American Chemical Society
ct3011002_si_001.pdf (561.19 kB)

Hydration Free Energies of Multifunctional Nitroaromatic Compounds

Download (561.19 kB)
journal contribution
posted on 2013-06-11, 00:00 authored by Alauddin Ahmed, Stanley I. Sandler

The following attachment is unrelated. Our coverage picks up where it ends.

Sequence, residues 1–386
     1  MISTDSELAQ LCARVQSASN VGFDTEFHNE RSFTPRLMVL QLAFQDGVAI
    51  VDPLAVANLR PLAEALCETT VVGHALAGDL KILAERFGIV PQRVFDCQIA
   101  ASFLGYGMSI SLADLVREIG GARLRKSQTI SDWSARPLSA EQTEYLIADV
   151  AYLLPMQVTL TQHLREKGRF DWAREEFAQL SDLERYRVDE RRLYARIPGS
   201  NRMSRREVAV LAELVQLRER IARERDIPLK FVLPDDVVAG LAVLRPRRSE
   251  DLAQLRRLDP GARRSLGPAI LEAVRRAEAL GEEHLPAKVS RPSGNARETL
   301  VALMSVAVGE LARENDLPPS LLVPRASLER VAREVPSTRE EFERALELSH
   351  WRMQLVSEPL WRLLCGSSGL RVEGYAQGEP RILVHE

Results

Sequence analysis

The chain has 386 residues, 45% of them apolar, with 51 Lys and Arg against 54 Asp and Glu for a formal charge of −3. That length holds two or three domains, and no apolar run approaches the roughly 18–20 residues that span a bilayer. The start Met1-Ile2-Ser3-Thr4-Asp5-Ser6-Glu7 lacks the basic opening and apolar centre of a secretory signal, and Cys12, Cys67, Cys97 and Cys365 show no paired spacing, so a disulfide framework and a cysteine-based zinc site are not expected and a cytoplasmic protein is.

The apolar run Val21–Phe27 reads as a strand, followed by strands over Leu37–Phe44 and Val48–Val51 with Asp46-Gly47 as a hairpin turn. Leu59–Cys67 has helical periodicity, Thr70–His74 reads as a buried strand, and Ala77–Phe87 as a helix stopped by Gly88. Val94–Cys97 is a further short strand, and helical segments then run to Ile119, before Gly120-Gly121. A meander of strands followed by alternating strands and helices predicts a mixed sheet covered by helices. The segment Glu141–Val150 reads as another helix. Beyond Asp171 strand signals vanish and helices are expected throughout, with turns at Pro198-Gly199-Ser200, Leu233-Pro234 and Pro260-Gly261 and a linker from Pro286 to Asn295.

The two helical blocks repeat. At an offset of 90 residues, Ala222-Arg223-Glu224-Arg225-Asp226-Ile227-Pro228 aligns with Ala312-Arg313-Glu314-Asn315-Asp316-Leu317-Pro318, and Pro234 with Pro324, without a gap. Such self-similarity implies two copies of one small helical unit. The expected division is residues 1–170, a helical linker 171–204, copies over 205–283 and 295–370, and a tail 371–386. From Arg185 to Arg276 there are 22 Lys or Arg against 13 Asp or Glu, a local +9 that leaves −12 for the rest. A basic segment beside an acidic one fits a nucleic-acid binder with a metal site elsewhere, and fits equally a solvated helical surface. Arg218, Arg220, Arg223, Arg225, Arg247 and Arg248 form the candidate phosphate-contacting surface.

Nitroaromatic compounds (NACs) are used as energetic materials, reagents, and pesticides; however, they are potentially hazardous for the environment and human health. To predict the environmental distribution of these compounds, the vapor pressure, aqueous solubility, and Henry’s law constant are important properties, as is the solvation free energy in water from which the latter two can be computed. Here, we have calculated the hydration free energies for a set of nine nitroaromatic compounds containing one, two, and three nitro groups using the expanded ensemble molecular dynamics simulation method with TIP3P water and the GAFF, CGenFF, OPLS-AA, and TraPPE force field parameters and the RESP (gas phase), CHELPG (gas phase), and CM4 (aqueous phase) partial atomic charges calculated here. Also, we have computed hydration free energies using the reported default partial atomic charges of the OPLS-AA force field and using the semiempirical AM1-BCC charges with GAFF parameters. The effect of water model flexibility on the computation of hydration free energy is examined with CGenFF/(CHELPG+SPC-Fw) model. All the force fields studied generally led to less accurate predictions with increasing numbers of nitro groups. The average unsigned errors (AUE) show that 6 of 16 force-field/(charge+water) models used perform approximately equally well in predicting measured hydration free energies: these are CGenFF/(CHELPG+TIP3P), CGenFF/(CM4+TIP3P), OPLS-AA/(CHELPG+TIP3P), OPLS-AA/(CM4+TIP3P), TraPPE-UA/(CHELPG+TIP3P), and TraPPE-UA/(CM4+TIP3P). When using the default atomic charges, the OPLS-AA force field was the most accurate, though using CHELPG and CM4 charges led to better predictions. Our analyses indicate that not only the charges but also the van der Waals interaction parameters for the nitro-group nitrogen and oxygen atoms in the force fields are partly responsible for the performance variations in predicting solvation free energies. We also compared the force field-based simulation results with the predictions from the SM6 solvation model and Abraham linear solvation energy relationship (LSER) method. With an appropriate choice of theory and basis set both for geometry optimization and computation, which unfortunately is not known a priori, the SM6 model hydration free energy predictions for the NACs are comparable to the simulation results here. The Abraham LSER predictions with descriptors obtained from the Platts method are of reasonable accuracy. A useful addition to this paper is the Supporting Information that contains a compiled and evaluated list of the hydration free energies of the NACs studied here assembled from the literature.